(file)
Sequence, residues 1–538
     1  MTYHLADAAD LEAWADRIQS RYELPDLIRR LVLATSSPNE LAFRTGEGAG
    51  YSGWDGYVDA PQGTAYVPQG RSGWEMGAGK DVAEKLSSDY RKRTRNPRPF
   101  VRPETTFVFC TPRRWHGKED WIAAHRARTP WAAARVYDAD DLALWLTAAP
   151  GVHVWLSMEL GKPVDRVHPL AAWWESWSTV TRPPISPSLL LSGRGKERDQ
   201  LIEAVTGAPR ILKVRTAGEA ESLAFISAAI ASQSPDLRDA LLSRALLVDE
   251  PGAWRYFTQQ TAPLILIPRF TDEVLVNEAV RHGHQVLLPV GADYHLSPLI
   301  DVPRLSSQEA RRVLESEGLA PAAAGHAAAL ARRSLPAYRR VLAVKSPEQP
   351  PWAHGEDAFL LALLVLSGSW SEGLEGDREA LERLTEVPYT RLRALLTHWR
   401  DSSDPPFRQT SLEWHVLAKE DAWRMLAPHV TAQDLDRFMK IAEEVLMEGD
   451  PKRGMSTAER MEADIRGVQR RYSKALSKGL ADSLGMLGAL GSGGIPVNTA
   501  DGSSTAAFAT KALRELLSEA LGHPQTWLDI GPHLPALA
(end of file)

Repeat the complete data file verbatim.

Sequence, residues 1–538
     1  MTYHLADAAD LEAWADRIQS RYELPDLIRR LVLATSSPNE LAFRTGEGAG
    51  YSGWDGYVDA PQGTAYVPQG RSGWEMGAGK DVAEKLSSDY RKRTRNPRPF
   101  VRPETTFVFC TPRRWHGKED WIAAHRARTP WAAARVYDAD DLALWLTAAP
   151  GVHVWLSMEL GKPVDRVHPL AAWWESWSTV TRPPISPSLL LSGRGKERDQ
   201  LIEAVTGAPR ILKVRTAGEA ESLAFISAAI ASQSPDLRDA LLSRALLVDE
   251  PGAWRYFTQQ TAPLILIPRF TDEVLVNEAV RHGHQVLLPV GADYHLSPLI
   301  DVPRLSSQEA RRVLESEGLA PAAAGHAAAL ARRSLPAYRR VLAVKSPEQP
   351  PWAHGEDAFL LALLVLSGSW SEGLEGDREA LERLTEVPYT RLRALLTHWR
   401  DSSDPPFRQT SLEWHVLAKE DAWRMLAPHV TAQDLDRFMK IAEEVLMEGD
   451  PKRGMSTAER MEADIRGVQR RYSKALSKGL ADSLGMLGAL GSGGIPVNTA
   501  DGSSTAAFAT KALRELLSEA LGHPQTWLDI GPHLPALA